Tuesday, June 24, 2008


I've started watching "Bridezillas" on WE.

There. Admitting it is supposed to be the first step to recovery, right?

I first put it on because I figured that it was about brides and I'm going to be a bride so it could serve as a warning system for me. If I found myself doing any of the things that I saw these women doing on the show then I'd know I'd gone too far.

But after watching only 2 episodes I know that I will never go that far. This show is like the Real World, except it's so much worse because these brides are doing horrible things to their families and friends, not to strangers they've just met. One instance that comes to mind is when the woman stabs her husband-to-be in the head with a pair of scissors (it was a glancing blow and he was not injured), and then makes HIM apologize to HER for upsetting her so much that she was forced to attack him. If this wasn't a wedding show it would be a Cops episode where the mustached heroes arrive at their house to arrest the woman for domestic abuse.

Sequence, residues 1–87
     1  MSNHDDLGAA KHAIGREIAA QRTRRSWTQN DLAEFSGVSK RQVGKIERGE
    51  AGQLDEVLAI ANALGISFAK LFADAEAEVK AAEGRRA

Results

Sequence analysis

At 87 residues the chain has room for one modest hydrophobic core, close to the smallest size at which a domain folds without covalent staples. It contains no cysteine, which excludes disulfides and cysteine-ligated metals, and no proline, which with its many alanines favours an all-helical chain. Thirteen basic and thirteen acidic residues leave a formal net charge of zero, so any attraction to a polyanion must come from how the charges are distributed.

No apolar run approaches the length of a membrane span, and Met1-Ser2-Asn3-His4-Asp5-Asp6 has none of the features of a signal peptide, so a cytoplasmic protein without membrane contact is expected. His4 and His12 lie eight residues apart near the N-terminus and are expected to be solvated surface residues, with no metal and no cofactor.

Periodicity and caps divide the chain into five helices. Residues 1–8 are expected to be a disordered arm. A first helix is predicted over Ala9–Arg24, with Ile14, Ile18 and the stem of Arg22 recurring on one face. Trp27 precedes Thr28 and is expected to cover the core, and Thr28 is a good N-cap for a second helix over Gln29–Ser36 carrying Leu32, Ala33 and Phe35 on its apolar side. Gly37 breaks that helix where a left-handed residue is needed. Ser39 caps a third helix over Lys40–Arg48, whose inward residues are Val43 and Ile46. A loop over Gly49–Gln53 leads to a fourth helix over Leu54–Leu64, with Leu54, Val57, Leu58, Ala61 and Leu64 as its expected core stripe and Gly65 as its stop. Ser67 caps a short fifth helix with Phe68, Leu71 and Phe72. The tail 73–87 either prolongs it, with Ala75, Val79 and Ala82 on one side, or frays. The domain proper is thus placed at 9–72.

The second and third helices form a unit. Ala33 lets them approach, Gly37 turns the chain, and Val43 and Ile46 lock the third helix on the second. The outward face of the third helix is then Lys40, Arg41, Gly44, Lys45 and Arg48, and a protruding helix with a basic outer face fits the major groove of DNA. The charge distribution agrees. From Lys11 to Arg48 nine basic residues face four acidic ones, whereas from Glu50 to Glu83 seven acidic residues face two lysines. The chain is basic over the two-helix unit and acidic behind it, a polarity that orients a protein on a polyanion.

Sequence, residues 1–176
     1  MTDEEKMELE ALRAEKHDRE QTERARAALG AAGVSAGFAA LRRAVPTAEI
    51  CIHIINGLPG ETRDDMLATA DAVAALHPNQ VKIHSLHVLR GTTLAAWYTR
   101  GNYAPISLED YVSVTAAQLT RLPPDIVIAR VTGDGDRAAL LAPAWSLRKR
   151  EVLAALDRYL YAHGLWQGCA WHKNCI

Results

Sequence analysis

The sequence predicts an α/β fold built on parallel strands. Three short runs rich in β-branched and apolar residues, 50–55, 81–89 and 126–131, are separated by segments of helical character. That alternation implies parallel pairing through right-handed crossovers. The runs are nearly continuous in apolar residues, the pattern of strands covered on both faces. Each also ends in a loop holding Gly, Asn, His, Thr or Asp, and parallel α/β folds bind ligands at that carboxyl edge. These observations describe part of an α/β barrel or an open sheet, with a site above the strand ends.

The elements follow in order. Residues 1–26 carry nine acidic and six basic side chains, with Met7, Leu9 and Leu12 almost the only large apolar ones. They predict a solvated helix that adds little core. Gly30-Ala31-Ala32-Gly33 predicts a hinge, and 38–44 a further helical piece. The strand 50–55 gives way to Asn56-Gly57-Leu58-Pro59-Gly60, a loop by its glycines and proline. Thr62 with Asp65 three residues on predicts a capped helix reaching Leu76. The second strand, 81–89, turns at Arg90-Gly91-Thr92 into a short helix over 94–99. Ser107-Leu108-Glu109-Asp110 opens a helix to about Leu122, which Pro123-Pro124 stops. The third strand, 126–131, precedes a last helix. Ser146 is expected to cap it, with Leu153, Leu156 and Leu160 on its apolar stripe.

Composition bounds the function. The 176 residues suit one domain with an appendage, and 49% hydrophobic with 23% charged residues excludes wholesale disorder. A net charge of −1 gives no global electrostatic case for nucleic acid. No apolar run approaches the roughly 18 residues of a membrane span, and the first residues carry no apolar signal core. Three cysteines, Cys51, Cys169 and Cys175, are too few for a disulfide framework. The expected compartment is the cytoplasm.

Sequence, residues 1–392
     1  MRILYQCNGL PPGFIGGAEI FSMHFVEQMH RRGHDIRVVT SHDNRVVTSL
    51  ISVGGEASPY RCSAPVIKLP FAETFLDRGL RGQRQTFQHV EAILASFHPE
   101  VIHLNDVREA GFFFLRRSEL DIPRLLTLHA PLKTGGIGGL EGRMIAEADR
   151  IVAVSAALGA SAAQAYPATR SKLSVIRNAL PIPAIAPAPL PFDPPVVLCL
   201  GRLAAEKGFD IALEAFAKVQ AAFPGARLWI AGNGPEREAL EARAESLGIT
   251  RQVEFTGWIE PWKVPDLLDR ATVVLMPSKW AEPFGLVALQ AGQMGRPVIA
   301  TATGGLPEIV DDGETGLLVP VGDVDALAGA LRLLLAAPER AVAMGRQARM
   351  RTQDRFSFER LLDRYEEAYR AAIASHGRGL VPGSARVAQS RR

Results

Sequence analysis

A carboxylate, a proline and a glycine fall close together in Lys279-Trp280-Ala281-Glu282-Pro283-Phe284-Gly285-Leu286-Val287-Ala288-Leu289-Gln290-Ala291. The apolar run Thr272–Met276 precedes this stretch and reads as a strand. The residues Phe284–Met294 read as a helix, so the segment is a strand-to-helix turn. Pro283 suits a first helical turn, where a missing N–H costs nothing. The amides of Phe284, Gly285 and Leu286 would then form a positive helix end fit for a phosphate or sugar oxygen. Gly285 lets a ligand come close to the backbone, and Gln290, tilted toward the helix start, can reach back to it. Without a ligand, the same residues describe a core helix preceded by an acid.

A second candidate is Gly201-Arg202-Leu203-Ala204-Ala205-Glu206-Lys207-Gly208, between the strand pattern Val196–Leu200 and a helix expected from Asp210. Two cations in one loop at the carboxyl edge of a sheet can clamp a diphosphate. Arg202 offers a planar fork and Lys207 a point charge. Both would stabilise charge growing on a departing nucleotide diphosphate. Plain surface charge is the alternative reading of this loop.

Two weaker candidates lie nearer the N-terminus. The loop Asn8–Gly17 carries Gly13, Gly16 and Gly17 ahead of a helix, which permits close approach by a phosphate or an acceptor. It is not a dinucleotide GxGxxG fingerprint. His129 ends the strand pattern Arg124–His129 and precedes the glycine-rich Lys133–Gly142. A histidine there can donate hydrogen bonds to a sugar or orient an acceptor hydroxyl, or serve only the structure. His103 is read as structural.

In an interview with a bridesmaid (for a different bride) she tells the camera that this bride is a Bridezilla 365 because "she's been a bitch her whole life. Or at least since she was 10 when I met her." Which begs the question, why is she her friend?

It's a surprisingly entertaining show. I like seeing how far these women can push the limits and marvel at how much everyone else lets themselves be treated like shit. It's the sort of show I like to watch because it reminds me of how good my own life is. The only thing I don't like about it (besides it being trash in general) is that the narrator has this chirpy little voice that implies with every upbeat syllable that while she knows what these brides are doing is unreasonable, it's okay because it's their wedding day, and we can cut them a little slack, right?

Wrong. I don't care if a person is at a wedding, is drunk at a party, whatever. It should never be acceptable for someone to treat her friends like servants, her family like a bottomless ATM, and her fiancé-- the man she's supposed to be spending the rest of her "happy" life with-- like a puppy she can kick and yell at when there's no one else around to take her abuse.